Everyone needs a coach, including people who are coaches. Regardless of your achievements, if you do not regularly work with a coach, I can say with certainty that you are missing opportunities to improve.
A coach’s role is to help you achieve greater success using less effort and less time. The primary reason clients hire a coach for themselves or their business is that they want to capture potential. Potential is the gap between where a client wants to be and present circumstances. For example, a business may be growing at 10% but has the potential to grow at 50%. Another example might be a junior partner at a law firm who wants to become an equity partner. The most common issue I encounter is someone who wants to maintain their current level of professional success and have more time to spend with their families.
The top tangible benefits our clients receive from coaching are:
These benefits extend to the rest of the client’s organization, family, customers, friends, and communities.
One consequence of not building coaching and other succession, retention, and development strategies into your business is continued loss of potential productivity from staff. Depending on which study one reads, a full 60% to 75% of employees are not fully engaged in their jobs. These studies include highly successful companies. Imagine how much potential is being left on the table on an annual basis, and how well these companies could do if they would get another 10% or more of their employees fully engaged.
Another consequence of not having a coach is that many people act out other people’s definitions of success instead of taking enough time to figure out what their own goals are. They spend most of their time responding to goals established for them by bosses, customers, vendors, friends, families, children, and so on. As a result, many people’s most prominent goal is making it through the day and hopefully waking up the next. An example that most parents can relate to is that their lives outside of work seem to revolve around their children’s activities. Coaching helps clients address goal clarification questions.
Some other important trends supporting the need for coaching are:
In simple terms, the coach has programs, processes, tools, and expertise that are used to help clients identify and address blind spots. Have you ever watched someone else do things that from your vantage point make little or no sense? You might have caught yourself saying things like: “Our people cannot see the forest for the trees.” or “That person is burying himself.” The realty is that all of us have a continuous series of blind spots. A coach brings these blind spots to the forefront through the process of asking questions.
A coach is 100% committed to your success. Coaches achieve their own success by enabling you to achieve your goals. The coach has a unique relationship with a client that no internal mentor, training program, friend, external advisor, fellow executive (inside or outside the firm), or employee has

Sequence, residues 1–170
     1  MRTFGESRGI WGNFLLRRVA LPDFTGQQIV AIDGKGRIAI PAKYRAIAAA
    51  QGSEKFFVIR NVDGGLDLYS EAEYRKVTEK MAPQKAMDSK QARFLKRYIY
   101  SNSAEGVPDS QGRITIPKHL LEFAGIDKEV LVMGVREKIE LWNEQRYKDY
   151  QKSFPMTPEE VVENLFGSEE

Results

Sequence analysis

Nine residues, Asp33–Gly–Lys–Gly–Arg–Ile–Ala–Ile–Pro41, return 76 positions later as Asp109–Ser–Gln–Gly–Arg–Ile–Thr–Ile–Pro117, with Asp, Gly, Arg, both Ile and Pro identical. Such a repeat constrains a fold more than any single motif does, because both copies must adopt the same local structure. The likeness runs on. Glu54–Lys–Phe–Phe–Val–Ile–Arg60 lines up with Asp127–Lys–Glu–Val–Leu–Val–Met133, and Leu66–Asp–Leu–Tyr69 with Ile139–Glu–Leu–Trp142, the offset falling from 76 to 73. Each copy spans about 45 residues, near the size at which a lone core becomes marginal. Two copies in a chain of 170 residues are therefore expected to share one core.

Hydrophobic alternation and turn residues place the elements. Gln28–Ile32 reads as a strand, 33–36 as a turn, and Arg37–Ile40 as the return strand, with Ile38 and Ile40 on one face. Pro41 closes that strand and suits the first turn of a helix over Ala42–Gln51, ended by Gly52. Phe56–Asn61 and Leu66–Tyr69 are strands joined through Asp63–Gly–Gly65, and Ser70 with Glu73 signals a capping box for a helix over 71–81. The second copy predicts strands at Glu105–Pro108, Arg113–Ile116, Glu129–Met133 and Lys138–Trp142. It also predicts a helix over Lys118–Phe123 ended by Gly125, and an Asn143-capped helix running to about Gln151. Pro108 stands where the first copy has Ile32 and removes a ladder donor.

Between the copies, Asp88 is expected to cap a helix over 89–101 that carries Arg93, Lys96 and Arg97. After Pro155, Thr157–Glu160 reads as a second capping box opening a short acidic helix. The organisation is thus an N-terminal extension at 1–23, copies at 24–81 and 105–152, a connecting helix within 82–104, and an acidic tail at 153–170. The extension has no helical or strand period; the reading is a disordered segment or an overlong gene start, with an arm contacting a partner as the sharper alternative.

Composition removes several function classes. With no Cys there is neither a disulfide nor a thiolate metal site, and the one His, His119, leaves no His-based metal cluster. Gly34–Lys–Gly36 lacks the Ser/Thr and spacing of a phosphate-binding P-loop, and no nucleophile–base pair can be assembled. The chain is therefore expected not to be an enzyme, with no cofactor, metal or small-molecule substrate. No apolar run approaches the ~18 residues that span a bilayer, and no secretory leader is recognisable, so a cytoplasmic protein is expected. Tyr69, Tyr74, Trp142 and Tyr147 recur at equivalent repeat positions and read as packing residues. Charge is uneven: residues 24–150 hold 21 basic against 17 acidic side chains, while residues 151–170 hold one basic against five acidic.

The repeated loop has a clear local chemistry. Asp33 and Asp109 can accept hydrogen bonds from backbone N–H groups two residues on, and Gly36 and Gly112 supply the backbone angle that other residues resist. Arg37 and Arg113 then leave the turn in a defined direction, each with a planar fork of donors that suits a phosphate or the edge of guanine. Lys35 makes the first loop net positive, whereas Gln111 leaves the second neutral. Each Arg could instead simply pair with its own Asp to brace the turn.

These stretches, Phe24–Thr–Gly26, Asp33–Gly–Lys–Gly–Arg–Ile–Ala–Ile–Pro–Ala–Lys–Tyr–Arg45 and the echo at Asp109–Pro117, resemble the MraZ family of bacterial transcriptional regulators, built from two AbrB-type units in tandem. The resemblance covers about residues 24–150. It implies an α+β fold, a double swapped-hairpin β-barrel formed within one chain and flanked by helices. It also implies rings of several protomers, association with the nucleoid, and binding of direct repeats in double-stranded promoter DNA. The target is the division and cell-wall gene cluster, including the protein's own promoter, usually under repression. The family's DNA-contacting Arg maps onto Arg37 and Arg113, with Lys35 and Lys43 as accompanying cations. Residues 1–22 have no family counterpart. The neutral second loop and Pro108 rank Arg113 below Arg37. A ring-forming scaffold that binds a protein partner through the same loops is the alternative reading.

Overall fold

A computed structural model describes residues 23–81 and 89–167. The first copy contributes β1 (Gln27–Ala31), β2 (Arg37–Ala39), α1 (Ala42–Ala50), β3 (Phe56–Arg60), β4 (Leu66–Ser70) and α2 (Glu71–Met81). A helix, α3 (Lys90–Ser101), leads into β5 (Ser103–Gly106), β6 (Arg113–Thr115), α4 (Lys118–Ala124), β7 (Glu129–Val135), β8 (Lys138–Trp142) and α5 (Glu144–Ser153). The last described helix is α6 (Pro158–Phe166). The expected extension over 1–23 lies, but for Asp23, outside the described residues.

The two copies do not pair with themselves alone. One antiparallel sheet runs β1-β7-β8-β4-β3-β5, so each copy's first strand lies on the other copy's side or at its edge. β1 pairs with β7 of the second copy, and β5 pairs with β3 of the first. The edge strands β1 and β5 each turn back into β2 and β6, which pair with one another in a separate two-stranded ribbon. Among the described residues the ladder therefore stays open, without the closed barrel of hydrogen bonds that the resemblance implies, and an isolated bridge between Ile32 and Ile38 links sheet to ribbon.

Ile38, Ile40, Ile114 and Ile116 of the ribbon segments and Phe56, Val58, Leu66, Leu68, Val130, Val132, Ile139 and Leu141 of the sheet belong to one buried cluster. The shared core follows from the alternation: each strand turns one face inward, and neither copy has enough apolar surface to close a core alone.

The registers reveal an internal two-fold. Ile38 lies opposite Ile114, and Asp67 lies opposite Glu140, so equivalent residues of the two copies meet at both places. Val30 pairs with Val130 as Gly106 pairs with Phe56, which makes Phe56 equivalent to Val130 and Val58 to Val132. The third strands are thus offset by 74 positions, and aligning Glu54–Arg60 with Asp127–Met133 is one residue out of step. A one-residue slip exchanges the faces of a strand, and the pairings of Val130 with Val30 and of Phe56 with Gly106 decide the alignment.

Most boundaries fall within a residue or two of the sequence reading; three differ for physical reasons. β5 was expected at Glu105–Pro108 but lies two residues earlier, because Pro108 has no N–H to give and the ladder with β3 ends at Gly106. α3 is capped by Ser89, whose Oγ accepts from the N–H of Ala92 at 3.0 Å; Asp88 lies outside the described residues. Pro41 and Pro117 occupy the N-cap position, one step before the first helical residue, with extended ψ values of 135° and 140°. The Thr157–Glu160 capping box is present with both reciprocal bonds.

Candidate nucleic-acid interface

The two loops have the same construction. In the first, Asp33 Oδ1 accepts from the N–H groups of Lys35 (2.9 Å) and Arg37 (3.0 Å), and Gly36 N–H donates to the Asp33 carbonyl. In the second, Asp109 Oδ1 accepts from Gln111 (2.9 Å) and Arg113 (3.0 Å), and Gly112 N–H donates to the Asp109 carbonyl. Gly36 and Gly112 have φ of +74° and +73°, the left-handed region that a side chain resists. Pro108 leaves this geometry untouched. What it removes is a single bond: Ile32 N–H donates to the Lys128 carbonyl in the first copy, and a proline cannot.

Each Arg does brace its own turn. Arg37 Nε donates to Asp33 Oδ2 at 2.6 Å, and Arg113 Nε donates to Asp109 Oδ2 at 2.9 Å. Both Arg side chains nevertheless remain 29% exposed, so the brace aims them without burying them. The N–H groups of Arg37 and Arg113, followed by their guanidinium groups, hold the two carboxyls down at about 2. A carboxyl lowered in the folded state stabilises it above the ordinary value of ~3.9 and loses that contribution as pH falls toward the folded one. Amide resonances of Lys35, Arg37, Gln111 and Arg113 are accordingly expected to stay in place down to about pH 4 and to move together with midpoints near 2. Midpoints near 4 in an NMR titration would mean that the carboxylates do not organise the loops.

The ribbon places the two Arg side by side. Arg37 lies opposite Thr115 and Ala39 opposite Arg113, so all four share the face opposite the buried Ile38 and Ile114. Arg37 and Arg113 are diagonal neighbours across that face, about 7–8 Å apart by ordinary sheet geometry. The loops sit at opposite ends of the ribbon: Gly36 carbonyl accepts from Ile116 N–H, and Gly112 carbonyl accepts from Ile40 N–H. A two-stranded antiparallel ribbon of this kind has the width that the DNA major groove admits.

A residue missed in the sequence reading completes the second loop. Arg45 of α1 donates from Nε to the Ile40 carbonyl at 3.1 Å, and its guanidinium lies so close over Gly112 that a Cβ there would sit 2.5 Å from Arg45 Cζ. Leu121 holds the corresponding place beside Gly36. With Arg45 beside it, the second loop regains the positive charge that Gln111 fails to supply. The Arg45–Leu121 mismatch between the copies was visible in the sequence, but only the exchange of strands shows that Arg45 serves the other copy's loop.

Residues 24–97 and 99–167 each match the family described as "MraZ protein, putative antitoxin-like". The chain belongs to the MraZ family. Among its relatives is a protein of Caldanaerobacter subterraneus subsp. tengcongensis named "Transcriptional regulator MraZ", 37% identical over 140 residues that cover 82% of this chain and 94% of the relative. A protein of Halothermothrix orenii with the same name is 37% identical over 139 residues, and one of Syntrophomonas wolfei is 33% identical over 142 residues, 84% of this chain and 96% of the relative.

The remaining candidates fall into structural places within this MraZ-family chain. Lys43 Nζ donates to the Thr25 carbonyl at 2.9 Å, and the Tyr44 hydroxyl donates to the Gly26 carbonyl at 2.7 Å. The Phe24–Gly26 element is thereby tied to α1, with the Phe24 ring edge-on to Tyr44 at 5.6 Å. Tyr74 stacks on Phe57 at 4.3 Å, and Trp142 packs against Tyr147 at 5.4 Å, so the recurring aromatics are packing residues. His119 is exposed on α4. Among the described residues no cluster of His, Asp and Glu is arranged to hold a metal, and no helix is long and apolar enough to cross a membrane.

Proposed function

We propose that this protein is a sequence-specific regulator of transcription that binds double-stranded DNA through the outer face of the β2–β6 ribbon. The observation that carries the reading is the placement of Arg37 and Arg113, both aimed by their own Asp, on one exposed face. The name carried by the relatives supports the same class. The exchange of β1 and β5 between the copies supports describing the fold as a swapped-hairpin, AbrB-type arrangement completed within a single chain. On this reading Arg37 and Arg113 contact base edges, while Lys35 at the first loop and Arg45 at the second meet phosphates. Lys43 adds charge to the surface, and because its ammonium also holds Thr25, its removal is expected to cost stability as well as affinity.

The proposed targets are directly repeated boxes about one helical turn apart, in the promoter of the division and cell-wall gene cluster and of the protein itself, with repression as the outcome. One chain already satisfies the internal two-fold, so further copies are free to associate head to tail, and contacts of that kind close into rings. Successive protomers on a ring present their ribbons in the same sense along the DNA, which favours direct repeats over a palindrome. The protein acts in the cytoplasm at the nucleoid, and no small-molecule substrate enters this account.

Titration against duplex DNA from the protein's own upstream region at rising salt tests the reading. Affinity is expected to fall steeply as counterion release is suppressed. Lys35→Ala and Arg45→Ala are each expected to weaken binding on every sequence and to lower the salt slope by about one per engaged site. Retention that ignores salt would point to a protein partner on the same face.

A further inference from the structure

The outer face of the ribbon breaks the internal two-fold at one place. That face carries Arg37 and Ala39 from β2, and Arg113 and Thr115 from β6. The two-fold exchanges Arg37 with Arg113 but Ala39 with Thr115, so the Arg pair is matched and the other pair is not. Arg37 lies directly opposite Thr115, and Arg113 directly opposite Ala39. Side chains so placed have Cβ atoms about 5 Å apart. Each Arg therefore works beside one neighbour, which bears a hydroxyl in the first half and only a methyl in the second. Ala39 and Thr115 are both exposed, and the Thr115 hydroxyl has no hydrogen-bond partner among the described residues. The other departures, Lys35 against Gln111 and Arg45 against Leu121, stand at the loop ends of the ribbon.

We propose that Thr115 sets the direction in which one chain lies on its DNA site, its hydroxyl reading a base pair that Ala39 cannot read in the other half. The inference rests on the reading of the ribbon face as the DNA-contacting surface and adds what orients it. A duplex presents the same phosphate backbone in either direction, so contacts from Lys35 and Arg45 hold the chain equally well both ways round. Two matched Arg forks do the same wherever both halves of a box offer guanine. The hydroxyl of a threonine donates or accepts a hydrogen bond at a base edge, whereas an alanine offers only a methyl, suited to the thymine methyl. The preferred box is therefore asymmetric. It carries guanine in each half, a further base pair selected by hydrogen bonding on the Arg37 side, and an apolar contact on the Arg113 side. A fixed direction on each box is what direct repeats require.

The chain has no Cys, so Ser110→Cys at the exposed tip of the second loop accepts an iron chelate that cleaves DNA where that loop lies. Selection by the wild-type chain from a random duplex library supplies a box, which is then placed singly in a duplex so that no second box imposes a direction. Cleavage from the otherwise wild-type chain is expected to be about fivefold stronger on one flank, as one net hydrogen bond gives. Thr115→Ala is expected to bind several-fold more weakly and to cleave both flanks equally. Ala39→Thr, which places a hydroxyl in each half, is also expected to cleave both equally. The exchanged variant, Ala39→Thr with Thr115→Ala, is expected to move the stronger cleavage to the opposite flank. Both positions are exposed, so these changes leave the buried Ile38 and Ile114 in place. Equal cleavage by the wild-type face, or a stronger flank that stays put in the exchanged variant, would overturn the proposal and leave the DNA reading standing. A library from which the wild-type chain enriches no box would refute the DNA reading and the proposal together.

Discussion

The coach provides a safe space for wide open discussion. The coach is not there to tell you the one way to do things. Instead, the coach is 100% committed to helping you to discover the right actions to achieve your goals. With this in mind, it is easy to check your ego at the door. Everything is focused on creating and implementing the right strategy for your unique circumstances.
At Activate Group, we are trained to use the Resources Associates Coaching Academy’s coaching model which has five components:
Let us go through an example of coaching at work. Please keep in mind that the example below took half an hour to process with the client, and I have purposely simplified the scenario.
A senior executive (Mr. Jones) created a new position within his team and promoted one of his top senior managers (Ms. Smith) to fill this mission-critical position. One month later, Mr. Jones mentioned to his coach that he made a mistake by selecting Ms. Smith and is having second thoughts about her.
After processing the above situation further, Mr. Jones realized that he never really figured out exactly what he wanted from the position. Worse, Ms. Smith had not been transitioned out of her old role, which still took up 80% to 90% of her time. In the end, Mr. Jones’ new goal was to maximize the effectiveness of the new position.
There were several possible actions:
Mr. Jones decided to be 100% committed to providing an environment that would be conducive to Ms. Smith’s success.
After considering different plans to of action, the following was decided:
Coaching is a very interactive, pragmatic approach to achieve more goals, with less effort and faster. All employees, including ourselves, have blind spots. Failure to see and address those blind spots causes lost sales, lower employee engagement, higher turnover, and lots of frustration.
Review our website to understand how an executive coach or business coach can help you increase the success of your career and business or contact Howard Shore at [phone link=”true”].